the cost of pipe smoking

Feb 6, 2006
2,380
3
Kelvin's House
#1
this is a post for Joseph at the Smokers Forum. copied with his permission.

The Cost of Pipe Smoking


I started smoking a pipe after many years of occassional cigar smoking. Although I still enjoy a cigar from time to time, I find myself drawn more to my pipes recently for a number of reasons... I can smoke my pipe in my home office without the aroma lingering for a long time or circulating to other areas of the house; I can choose the amount of time I want to smoke by filling the bowl and choosing the pipe accordingly; I find that high quality pipe tobaccos offers greater complexity and balance than even the finest of Cuban cigars; and lastly, the cost of pipe smoking is a lot more budget friendly. It's the latter point which I want to focus on in this post.


For as long as I can remember I've always been a 'numbers guy', it's just the way my mind works. I'm always calculating the cost of different activities and the investment potential of different opportunities and ideas. I've often been called cheap or thrifty by friends and family because of the way I study the cost/benefit of how I spend my money. I prefer to use the word shrewd rather than thrifty or cheap but unfortunately I can't control the vocabulary of others.


This brings me to the topic of the cost of pipe smoking. Please keep in mind my examples are based on my own habits and most likely don't reflect the habits of other smokers. For the sake of simplicity, I'm assuming that a moderate pipe smoker consumes 100g of tobacco per month. By my calculation, this constitutes somewhere between one and two bowls of pipe tobacco a day, depending on the size of pipe smoked and how the bowl is filled. Just as an example, when I open a 50g tin of Escudo, there is roughly about 20 coins of tobacco present, which gives me roughly 20 bowls in a group 3 sized Dunhill pipe.


Also for the sake of simplicity, I'm going to use $35 a pound (or $77 a kilogram) for the cost of high quality tobacco. Obviously depending on what tobacco you choose to smoke your cost will most likely be a little bit higher or a little be lower than the number I've chosen to use. A quick and dirty calculation tells me that a moderate pipe smoker consumes roughly $92 in tobacco a year ($77 x 1200g). How does this compare to the cost of cigar or cigarette smoking? Well... to do that we would have to define how much tobacco the average cigar or cigarette smoker consumes. Since I don't have the hard statistics I'm going to assume (for the sake of simplicity) that a moderate cigar smoker smokes one corona sized high quality cigar per day (at a cost of $4) and the average cigarette smoker consumes 10 cigarettes a day (at a cost of $0.30 a cigarette). Using the same simple math, this would bring the yearly dollar consumption to $1460 for a cigar smoker and $1095 for a cigarette smoker. As you can see from my rather crude and inaccurate guesstimates, pipe smoking costs anywhere from 90-95% less than either cigar or cigarette smoking. Taking the numbers one step further for the sake of perspective, if we assume the average person starts smoking at age 18 (the legal age where I live) and lives until 78 (the average life expectancy currently in North America), that equates to 60 years of smoking. Not considering the effects of inflation and probable huge increases in taxes, the cost in today's dollars of buying either a lifetime supply of pipe tobacco, cigars or cigarettes is calculated to be $5520, $87600 and $65700 respectively. As you can easily see, the difference is quite huge. A lifetime of pipe smoking can easily be purchased for roughly the same price as a nice vacation in Hawaii or the Caribbean whereas you can buy a small house or cottage with both the cigar and cigarette numbers.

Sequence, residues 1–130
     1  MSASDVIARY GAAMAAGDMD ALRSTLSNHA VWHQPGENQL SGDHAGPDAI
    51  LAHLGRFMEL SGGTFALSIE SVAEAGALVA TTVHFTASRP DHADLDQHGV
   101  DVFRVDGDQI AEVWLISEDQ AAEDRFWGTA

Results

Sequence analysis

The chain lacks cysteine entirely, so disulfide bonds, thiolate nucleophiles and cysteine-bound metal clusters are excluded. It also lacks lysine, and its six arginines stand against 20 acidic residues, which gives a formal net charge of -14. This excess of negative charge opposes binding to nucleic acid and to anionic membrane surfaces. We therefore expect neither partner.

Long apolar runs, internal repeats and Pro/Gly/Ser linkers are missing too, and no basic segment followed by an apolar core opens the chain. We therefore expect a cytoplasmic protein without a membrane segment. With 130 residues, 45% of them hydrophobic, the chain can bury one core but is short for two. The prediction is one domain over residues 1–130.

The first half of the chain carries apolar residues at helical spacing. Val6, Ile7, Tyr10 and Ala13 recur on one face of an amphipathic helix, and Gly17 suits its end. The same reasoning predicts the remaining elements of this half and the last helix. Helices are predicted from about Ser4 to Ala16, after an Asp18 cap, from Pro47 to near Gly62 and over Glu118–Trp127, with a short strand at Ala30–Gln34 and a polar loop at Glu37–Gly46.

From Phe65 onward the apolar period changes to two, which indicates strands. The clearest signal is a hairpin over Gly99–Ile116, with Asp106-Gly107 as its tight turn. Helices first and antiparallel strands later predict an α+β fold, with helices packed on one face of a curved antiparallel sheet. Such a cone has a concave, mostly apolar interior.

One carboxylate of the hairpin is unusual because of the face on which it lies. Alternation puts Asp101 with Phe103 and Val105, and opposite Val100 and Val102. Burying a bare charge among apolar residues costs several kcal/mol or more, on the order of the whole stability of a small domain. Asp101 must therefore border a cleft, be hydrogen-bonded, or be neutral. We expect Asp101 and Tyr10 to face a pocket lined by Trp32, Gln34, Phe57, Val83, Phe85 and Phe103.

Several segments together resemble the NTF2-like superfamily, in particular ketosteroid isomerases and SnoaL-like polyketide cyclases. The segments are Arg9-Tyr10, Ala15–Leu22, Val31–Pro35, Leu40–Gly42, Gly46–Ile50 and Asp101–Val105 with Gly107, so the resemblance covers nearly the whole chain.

Now for the fun part... I think I can safely assume that the average North American adult could not afford to invest $65000 or $87000 in cigarettes or cigars, at least I know I cannot. Even $5500 is a lot of money for most of us, if we wanted to purchase a lifetime supply of pipe tobacco. But I have a solution! Why not use our discretionary funds to invest systematically on a monthly basis in the product we all love so much? According to my math, if you invest $100 a month into a pipe tobacco stock you will have a lifetime supply (for moderate pipe smoking) in a little over four and a half years. If you have the means to invest $200 a month then your timeline drops down to a little over two years! Imagine having a lifetime supply of pipe tobacco stashed away and aging gracefully along with the peace of mind of not having to worry about price increases, inflation or those dreaded tax increases brought on by the evil antis!